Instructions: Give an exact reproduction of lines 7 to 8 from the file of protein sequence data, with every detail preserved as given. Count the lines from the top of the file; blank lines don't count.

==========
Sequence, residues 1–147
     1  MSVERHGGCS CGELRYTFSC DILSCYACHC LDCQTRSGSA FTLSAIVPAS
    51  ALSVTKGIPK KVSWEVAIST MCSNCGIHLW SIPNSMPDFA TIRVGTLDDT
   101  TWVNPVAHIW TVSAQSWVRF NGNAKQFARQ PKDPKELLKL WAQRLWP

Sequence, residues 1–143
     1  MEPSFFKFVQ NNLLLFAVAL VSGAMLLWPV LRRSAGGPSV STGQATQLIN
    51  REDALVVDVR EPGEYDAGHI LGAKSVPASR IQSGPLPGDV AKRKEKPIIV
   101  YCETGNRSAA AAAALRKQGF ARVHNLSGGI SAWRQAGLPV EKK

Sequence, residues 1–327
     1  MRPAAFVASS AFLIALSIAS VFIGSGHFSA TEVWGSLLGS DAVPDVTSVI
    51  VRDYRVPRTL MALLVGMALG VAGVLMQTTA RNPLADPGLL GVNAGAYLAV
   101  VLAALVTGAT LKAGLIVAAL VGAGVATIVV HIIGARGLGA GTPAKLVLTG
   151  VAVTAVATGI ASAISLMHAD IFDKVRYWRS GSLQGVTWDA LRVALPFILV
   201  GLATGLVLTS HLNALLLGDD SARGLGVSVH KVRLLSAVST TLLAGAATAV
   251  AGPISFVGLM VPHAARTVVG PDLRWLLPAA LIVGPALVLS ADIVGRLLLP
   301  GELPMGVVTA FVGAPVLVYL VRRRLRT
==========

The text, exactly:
    51  REDALVVDVR EPGEYDAGHI LGAKSVPASR IQSGPLPGDV AKRKEKPIIV
   101  YCETGNRSAA AAAALRKQGF ARVHNLSGGI SAWRQAGLPV EKK